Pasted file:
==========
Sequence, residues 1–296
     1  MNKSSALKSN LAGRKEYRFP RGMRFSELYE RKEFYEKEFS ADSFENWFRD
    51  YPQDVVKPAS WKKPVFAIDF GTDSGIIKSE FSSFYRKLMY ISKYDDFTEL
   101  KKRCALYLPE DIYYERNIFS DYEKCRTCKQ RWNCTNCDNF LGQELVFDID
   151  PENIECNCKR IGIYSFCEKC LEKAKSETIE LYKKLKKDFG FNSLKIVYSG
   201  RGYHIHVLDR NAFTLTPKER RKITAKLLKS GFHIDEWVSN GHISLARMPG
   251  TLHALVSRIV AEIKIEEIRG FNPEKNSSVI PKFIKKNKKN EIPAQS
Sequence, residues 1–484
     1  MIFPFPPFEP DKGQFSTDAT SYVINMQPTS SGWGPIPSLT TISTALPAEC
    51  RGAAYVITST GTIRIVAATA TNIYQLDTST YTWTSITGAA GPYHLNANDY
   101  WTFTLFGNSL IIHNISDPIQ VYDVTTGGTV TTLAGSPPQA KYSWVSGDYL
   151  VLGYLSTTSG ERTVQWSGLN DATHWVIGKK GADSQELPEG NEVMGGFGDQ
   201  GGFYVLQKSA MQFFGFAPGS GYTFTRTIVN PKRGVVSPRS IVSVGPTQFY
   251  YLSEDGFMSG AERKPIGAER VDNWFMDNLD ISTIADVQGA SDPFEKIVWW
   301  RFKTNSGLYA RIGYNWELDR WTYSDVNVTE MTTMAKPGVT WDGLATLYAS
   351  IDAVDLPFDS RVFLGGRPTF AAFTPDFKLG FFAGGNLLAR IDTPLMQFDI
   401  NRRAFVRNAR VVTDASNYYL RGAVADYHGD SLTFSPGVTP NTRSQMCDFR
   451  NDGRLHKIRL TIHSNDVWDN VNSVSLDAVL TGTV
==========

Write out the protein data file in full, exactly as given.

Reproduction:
Sequence, residues 1–296
     1  MNKSSALKSN LAGRKEYRFP RGMRFSELYE RKEFYEKEFS ADSFENWFRD
    51  YPQDVVKPAS WKKPVFAIDF GTDSGIIKSE FSSFYRKLMY ISKYDDFTEL
   101  KKRCALYLPE DIYYERNIFS DYEKCRTCKQ RWNCTNCDNF LGQELVFDID
   151  PENIECNCKR IGIYSFCEKC LEKAKSETIE LYKKLKKDFG FNSLKIVYSG
   201  RGYHIHVLDR NAFTLTPKER RKITAKLLKS GFHIDEWVSN GHISLARMPG
   251  TLHALVSRIV AEIKIEEIRG FNPEKNSSVI PKFIKKNKKN EIPAQS
Sequence, residues 1–484
     1  MIFPFPPFEP DKGQFSTDAT SYVINMQPTS SGWGPIPSLT TISTALPAEC
    51  RGAAYVITST GTIRIVAATA TNIYQLDTST YTWTSITGAA GPYHLNANDY
   101  WTFTLFGNSL IIHNISDPIQ VYDVTTGGTV TTLAGSPPQA KYSWVSGDYL
   151  VLGYLSTTSG ERTVQWSGLN DATHWVIGKK GADSQELPEG NEVMGGFGDQ
   201  GGFYVLQKSA MQFFGFAPGS GYTFTRTIVN PKRGVVSPRS IVSVGPTQFY
   251  YLSEDGFMSG AERKPIGAER VDNWFMDNLD ISTIADVQGA SDPFEKIVWW
   301  RFKTNSGLYA RIGYNWELDR WTYSDVNVTE MTTMAKPGVT WDGLATLYAS
   351  IDAVDLPFDS RVFLGGRPTF AAFTPDFKLG FFAGGNLLAR IDTPLMQFDI
   401  NRRAFVRNAR VVTDASNYYL RGAVADYHGD SLTFSPGVTP NTRSQMCDFR
   451  NDGRLHKIRL TIHSNDVWDN VNSVSLDAVL TGTV